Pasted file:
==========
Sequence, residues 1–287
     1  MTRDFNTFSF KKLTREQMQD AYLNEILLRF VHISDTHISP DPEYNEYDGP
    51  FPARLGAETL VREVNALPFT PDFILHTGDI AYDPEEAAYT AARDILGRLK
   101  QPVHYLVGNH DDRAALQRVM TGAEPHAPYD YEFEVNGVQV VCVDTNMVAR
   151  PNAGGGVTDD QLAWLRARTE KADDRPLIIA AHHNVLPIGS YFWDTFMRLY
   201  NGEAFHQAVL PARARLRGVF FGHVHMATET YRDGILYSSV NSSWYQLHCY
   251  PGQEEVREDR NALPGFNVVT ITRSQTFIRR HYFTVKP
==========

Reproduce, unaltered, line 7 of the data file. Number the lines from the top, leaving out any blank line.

   251  PGQEEVREDR NALPGFNVVT ITRSQTFIRR HYFTVKP